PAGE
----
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Sound on some analog channels

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ddpelp

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Any idea what this sound is? I hear it occasionally on some of the Motorola Smartnet analog listening channels thanks
 

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JnglMassiv

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I don't have any specific information but I doubt it's intentional or desireable. It sounds like a malfunction in their end.
 

MMIC

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That is a hallmark sign of a channel in a simulcast cell out of alignment. You probably hear this on some of the channels on the trunked system, but not others. In simulcast, the transmissions from different sites must be very close together in frequency, phase, and amplitude. If any one of these is outside of a certain tolerence, you will hear sounds similar to what you recorded in the sample.

What system is this, out of curiosity?
 
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ddpelp

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wow..

I think you are right. Exactly what I find same sound on two different scanners 9a 785 and 996 ) and only on some freqs. thanks makes me feel better...
 

ddpelp

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Added question

I have been watching the scanner and I note the noise is coming from one freq. Not a CC but one of the set of used freqs. 858.2 .. I wonder do they not hear thaton their euipment? I thuoght about sending a email to the FFC listed contact for this system but half afraid that will not llike being told they have a problem on their system. I am glad I asked the question though and you are right it obviously is their system not my scanners. All others int he 15 freqs sets are fine just when it locks to 858.2
 

N4DES

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You could be out of the designed simulcast overlap area and you hear the alignment issue more than a user that is in the PSAC. Also sounds like the users were able to communicate even though the .wav file was unintelligable to us.
 

ddpelp

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Simulcast?

Question if you have time to teach me something.. What do youmean when using the term simucast for the trunking system? I see the simulcast mentioned on some systems but in the database the system I am listenign to says Primary. I may have apples and oranges but thought I woud see if you can train me <g> tnx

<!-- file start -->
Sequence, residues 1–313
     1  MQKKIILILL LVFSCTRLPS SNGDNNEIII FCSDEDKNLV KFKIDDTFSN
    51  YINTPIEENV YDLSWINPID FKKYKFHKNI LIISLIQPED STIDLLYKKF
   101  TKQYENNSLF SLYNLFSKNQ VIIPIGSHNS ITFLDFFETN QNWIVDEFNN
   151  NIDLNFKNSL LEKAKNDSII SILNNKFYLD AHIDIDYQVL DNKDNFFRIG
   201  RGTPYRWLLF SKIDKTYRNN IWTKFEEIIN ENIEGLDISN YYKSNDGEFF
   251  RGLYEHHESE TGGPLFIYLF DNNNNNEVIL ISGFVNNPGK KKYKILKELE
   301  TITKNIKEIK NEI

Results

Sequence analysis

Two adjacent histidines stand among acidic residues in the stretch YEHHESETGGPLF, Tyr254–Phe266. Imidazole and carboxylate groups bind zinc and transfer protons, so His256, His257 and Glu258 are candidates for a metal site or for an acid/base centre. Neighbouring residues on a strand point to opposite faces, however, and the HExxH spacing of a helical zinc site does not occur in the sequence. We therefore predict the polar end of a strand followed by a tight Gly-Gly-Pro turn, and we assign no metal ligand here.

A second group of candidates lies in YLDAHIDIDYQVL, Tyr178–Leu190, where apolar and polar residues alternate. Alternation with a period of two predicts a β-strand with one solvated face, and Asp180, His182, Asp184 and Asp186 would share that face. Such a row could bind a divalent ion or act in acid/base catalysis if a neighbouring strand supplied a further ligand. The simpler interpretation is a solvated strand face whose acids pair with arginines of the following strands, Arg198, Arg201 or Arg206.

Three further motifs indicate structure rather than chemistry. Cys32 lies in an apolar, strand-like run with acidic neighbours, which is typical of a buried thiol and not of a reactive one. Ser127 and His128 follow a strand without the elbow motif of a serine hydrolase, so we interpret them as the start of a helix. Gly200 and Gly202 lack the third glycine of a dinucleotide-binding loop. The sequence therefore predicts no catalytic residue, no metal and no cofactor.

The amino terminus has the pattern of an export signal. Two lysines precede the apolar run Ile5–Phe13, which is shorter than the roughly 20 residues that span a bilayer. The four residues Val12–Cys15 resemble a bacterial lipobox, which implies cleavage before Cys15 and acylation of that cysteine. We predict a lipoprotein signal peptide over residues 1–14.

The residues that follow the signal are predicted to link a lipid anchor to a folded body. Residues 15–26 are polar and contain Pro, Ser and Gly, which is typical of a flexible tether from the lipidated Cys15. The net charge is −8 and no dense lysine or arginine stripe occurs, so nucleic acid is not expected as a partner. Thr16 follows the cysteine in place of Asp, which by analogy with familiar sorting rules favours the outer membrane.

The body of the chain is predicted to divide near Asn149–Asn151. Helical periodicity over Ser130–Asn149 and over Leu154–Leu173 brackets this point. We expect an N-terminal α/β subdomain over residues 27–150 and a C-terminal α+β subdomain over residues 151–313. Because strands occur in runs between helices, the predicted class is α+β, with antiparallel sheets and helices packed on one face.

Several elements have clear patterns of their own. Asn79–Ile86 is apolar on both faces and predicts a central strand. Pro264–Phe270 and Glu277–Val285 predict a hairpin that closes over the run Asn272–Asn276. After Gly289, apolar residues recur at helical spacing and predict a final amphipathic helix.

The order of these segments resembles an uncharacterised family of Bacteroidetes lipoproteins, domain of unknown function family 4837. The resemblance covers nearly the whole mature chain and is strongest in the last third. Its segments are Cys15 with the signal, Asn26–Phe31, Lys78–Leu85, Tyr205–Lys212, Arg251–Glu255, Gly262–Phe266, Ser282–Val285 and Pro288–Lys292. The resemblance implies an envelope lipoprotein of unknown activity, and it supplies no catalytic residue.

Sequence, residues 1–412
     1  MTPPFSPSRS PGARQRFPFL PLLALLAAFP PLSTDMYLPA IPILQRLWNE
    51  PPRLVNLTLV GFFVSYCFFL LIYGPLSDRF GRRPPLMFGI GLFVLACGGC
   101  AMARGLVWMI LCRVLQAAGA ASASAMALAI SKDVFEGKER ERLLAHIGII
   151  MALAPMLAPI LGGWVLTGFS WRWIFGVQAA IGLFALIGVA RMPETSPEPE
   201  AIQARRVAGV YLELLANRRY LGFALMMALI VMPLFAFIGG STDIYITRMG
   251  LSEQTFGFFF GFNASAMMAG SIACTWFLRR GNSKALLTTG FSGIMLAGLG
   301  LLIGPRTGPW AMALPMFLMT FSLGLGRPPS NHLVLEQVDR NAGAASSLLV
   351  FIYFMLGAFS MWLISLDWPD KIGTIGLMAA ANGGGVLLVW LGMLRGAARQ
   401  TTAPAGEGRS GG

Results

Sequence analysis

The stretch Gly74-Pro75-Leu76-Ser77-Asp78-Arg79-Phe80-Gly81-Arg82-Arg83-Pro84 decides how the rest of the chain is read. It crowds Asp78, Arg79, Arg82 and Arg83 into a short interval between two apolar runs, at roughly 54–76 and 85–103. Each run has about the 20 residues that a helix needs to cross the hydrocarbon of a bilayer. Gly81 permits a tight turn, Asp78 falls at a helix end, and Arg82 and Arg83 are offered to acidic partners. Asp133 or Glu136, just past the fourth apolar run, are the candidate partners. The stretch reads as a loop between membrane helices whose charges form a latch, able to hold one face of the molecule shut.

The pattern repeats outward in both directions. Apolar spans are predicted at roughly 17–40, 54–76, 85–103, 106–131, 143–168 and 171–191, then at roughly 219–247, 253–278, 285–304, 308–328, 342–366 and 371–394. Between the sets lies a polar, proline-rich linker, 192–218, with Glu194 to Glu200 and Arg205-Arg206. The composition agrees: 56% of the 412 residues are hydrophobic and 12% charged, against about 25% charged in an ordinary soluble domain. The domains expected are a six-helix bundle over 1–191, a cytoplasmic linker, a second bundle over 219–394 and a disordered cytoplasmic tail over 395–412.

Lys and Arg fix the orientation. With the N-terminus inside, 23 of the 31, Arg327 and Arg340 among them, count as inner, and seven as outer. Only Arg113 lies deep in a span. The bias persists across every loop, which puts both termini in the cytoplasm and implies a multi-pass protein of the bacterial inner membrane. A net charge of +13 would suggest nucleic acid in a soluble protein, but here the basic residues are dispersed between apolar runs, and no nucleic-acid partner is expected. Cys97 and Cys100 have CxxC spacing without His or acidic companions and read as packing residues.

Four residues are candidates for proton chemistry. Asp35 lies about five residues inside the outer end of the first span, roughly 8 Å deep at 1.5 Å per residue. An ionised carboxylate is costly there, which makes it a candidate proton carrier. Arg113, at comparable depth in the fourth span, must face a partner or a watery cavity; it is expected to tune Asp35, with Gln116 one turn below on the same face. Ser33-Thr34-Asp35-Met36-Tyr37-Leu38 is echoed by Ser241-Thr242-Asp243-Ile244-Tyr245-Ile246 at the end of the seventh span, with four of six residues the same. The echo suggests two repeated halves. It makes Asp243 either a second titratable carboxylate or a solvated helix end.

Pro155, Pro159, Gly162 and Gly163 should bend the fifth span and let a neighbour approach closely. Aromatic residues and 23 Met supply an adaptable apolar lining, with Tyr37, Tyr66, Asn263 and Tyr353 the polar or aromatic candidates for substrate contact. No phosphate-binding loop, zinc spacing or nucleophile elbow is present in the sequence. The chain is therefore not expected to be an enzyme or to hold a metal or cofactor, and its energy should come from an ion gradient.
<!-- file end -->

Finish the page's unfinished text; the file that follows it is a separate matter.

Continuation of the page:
N4DES

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Simulcast
Refers to the process of transmitting the same signal from multiple sites.

For public safety communications, this typically means multiple towers configured to transmit the exact same communications, on the exact same frequencies, from multiple towers, resulting in much better coverage of a wide area or area with dense population/buildings.

Retrieved from "http://wiki.radioreference.com/index.php/Simulcast"
 

MMIC

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Yes, the users will be able to hear mis-aligned simulcast issues on their equipment. You can hear similar issues on a couple of systems in the Kansas City, Missouri area, too.

You're probably best not to contact the licensee - you're right that they probably won't appreciate it too much. :)
 

ddpelp

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signal strength?

Is there any chance the strength of the signal can make things worse? Reason is I noticed the freq that seems to be the noisey one has only 2 bars of signal. The best sounding freq is 3 to 4 bars. I thought maybe a better external antenna might reduce this warble sound. Thanks for all the comments and help sure been a learnign experience.
 

NeFire242

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Simulcast Noise

Here is a recording sample of one of the local Motorola Trunking systems near Omaha, and I can hear that flutter or simulcast noise on many transmissions made on the system.
 

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ddpelp

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I hear that on more then one freq in the local trunking system the one I posted at the start of this thread is almost un readable in the voice audio. I guess maybe this problem is more wide spread then I had thought. Some freqs are crystal clear
 

MMIC

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Each channel in the simulcast system must be aligned for phase, frequency, and amplitude - which is why you are seeing some channels that are OK, and others that are not.

Mis-aligned simulcast can cause signal strength degredation on a channel, but so can a number of other factors (differing power output, mis-aligned combiners, interference, etc.).

From what I have seen, simulcast alignment is a neglected aspect of the system and must be performed periodically. There are several factors that can send simulcast out of alignment, so it needs to be checked. Unfortunately, it takes a bit of skill, knowledge, and some expensive equipment to do it. Some places don't, or won't, invest the money in it. But, hey, it's only public safety, right? :roll:
 
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